1. Calculate individual store cohort P&Ls using above assumptions
  2. Calculate individual store cohort balance sheets using above assumptions
  3. Consolidate 1 and 2
  4. Derive a net income figure from the consolidated IS: NI = Sales – CGS – SG&A – Depreciation - Advertising – Tax Rate x Pretax Profit
  5. Derive non-cash items and cash outflows from the consolidated balance sheet and total capex from individual store cohort balance sheets
  6. Calculate the FCF as follows: FCF = NI – capex – ΔNWC + Depreciation
  7. Use the FV of the final FCF in 2019 to calculate a perpetuity value for the business assuming 12.1% cost of capital and 3.5% growth rate
  8. Add the perpetuity value to the FV of the final FCF
  9. Discount all FCFs to present value using 12.1% cost of capital
  10. Add all discounted values together to get value of businesses operating assets through the NPV of their future cash flows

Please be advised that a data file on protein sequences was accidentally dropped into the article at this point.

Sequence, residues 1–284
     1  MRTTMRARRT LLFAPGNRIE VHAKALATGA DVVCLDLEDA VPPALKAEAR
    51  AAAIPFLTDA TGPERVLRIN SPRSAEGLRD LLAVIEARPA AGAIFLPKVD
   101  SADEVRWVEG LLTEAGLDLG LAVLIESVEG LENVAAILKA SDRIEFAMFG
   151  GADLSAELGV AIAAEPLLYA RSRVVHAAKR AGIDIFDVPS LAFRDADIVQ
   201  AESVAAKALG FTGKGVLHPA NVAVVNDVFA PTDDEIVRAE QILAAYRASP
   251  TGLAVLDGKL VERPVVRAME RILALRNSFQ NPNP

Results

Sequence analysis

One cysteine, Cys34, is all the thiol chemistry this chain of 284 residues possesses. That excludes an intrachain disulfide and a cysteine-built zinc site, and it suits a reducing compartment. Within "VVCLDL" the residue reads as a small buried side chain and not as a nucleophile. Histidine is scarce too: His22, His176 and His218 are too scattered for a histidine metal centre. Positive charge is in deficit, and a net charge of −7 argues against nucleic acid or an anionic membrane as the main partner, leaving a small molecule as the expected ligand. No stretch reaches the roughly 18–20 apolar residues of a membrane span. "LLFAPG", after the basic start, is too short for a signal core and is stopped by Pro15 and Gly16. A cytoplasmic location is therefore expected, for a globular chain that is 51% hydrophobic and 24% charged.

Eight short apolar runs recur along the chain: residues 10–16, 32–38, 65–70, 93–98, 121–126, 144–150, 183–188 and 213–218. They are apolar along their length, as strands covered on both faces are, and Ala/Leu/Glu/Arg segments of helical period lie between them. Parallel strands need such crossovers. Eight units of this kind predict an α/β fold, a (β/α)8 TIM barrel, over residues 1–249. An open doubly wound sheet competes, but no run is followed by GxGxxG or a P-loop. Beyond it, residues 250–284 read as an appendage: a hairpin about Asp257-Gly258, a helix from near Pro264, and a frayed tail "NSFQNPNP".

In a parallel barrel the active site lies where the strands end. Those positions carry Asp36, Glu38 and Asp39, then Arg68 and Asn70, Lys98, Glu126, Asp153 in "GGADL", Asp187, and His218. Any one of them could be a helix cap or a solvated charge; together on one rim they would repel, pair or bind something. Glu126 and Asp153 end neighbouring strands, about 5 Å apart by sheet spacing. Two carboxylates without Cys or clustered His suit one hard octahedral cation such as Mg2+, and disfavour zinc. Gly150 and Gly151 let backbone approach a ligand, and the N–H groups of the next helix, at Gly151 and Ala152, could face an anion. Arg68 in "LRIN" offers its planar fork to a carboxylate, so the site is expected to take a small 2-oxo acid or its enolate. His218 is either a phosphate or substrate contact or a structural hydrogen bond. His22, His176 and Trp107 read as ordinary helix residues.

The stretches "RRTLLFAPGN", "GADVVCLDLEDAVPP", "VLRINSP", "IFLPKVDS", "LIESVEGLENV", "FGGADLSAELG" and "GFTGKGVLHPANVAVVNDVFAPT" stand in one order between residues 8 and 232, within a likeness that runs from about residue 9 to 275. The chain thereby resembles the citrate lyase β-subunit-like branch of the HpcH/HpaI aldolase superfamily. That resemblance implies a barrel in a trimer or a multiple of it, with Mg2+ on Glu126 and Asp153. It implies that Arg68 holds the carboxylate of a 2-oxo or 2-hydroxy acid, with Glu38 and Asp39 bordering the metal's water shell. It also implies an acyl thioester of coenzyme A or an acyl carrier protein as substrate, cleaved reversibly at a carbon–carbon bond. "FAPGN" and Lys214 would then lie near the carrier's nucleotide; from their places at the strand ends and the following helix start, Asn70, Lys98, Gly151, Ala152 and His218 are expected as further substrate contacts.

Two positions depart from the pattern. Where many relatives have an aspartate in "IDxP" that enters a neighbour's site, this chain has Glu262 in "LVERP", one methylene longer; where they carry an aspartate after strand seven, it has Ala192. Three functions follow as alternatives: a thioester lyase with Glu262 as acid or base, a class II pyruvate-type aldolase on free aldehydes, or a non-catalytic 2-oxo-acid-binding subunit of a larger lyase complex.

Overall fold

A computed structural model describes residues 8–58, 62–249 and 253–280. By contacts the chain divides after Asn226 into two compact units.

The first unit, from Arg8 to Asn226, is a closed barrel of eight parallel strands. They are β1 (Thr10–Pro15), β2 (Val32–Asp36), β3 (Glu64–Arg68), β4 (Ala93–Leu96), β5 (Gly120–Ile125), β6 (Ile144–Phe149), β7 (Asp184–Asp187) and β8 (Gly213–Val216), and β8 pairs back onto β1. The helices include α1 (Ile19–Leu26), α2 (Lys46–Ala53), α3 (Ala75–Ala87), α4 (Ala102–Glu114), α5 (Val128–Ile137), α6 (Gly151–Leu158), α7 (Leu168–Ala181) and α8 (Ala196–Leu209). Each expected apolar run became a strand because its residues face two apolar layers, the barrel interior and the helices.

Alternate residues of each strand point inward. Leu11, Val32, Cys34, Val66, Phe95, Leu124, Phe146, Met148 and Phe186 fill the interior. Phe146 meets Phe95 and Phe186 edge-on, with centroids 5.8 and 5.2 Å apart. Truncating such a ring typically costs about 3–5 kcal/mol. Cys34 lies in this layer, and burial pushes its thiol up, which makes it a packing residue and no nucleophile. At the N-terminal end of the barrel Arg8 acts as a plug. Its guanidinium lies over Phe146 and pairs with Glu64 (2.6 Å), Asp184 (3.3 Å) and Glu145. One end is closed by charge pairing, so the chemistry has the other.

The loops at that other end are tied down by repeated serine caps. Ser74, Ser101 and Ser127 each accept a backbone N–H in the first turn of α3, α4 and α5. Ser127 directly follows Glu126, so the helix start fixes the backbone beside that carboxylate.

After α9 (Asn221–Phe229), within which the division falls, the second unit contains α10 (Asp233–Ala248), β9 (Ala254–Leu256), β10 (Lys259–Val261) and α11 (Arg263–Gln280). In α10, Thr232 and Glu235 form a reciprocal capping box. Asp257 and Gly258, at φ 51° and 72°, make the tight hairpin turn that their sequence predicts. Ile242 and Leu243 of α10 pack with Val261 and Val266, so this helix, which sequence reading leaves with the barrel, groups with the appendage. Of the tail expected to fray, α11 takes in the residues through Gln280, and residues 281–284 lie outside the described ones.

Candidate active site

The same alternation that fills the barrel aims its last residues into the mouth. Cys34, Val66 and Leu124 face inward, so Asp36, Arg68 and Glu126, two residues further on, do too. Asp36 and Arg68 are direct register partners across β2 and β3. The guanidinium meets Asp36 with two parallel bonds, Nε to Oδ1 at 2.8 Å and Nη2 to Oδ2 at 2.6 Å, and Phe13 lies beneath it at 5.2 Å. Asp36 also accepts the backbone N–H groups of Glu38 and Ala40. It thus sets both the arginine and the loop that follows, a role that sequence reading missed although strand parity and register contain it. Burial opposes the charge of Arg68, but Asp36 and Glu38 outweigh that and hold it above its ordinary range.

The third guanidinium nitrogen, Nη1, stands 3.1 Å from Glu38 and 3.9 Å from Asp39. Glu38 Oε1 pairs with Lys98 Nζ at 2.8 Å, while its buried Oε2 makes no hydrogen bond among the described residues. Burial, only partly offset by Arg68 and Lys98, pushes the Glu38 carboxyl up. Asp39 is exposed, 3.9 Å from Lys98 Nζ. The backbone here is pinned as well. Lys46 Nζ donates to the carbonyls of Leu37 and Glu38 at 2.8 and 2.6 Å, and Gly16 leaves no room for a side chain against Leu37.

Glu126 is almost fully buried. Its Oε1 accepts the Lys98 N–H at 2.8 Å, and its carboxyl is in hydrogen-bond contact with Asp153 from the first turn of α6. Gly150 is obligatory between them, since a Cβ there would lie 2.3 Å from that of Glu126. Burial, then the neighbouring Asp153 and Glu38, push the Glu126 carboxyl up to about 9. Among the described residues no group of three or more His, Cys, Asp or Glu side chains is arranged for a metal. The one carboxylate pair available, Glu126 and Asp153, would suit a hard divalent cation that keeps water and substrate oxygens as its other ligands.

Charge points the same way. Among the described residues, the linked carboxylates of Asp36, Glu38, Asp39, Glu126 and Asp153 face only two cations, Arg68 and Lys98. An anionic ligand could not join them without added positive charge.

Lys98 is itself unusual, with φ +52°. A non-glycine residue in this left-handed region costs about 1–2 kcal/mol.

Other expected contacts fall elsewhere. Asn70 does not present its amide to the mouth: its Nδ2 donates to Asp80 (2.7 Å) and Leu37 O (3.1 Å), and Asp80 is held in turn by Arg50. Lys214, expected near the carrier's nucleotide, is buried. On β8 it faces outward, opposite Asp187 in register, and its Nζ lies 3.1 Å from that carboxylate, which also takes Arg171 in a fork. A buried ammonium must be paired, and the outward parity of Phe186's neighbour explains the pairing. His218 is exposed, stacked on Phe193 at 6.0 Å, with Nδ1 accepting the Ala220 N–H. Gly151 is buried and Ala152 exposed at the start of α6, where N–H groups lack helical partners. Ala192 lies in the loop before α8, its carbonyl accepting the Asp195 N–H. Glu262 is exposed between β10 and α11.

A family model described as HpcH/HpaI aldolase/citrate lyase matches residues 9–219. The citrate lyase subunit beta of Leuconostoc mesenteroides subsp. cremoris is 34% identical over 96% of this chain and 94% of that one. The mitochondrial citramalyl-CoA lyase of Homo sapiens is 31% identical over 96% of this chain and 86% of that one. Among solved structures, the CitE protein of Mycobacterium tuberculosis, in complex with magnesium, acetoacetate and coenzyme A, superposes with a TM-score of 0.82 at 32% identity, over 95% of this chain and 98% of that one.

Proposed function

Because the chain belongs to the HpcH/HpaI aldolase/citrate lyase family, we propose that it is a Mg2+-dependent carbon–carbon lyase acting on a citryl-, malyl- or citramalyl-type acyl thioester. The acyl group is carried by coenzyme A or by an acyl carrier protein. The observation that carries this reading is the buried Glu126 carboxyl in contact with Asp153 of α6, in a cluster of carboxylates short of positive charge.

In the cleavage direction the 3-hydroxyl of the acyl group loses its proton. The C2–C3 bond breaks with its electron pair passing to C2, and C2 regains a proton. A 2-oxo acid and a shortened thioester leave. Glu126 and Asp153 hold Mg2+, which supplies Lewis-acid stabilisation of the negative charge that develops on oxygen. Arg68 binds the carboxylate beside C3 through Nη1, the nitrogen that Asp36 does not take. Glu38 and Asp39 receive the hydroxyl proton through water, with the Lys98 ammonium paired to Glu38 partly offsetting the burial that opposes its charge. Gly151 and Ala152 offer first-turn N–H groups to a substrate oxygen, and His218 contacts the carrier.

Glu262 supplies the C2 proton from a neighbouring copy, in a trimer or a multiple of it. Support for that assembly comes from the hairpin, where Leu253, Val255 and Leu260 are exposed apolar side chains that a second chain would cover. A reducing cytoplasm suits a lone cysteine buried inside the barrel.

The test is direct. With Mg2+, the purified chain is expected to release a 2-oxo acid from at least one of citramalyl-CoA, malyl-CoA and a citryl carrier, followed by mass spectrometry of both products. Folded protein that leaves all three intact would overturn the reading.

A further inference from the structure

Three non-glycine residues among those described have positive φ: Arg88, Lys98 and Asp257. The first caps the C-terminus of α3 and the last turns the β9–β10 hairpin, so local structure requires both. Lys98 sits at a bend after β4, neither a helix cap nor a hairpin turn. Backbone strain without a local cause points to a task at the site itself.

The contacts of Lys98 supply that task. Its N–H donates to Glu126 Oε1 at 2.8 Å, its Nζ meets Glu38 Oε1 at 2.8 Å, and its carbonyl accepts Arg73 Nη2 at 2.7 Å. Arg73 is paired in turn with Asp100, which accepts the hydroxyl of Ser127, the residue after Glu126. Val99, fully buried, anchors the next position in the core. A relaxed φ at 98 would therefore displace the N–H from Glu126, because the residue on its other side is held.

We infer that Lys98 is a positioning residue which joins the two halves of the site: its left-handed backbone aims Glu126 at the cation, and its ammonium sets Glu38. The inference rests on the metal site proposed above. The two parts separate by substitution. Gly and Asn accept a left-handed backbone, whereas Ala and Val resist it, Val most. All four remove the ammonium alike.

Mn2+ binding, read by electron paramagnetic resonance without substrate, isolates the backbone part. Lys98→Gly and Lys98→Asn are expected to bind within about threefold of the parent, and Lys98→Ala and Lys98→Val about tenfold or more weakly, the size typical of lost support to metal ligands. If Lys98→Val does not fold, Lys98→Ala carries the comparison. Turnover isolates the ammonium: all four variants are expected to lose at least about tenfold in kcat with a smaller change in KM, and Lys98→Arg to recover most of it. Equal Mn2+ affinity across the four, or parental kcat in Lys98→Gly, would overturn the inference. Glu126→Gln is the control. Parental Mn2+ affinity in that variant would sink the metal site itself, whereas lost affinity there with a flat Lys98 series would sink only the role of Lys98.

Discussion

11. Subtract debt and add cash to get equity value of business. In this case, both were zero as the firm did not raise capital since 2008 and the firm’s cash flow in excess of its investments always returns to the shareholders each year in the form of dividends. so they did not impact our analysis
  12. Divide equity value by number of shares outstanding to get final value of $31.03 per share

Note: Sales projection is one of the most critical activities in valuing the company. We understand that given the nature of the industry, (high end furniture) it is highly sensitive to GDP growth. In an ideal scenario given resources, we would like to build a co-relation model, which would derive an elasticity metric w.r.t GDP. This would  in turn give us an indexed sales number that would be more realistic. However, given our limitations, we have segmented the Sales numbers by new store sales by year (Eg: rate of growth of a new store in year 1, year 2 and so on) and used that to project for future sales.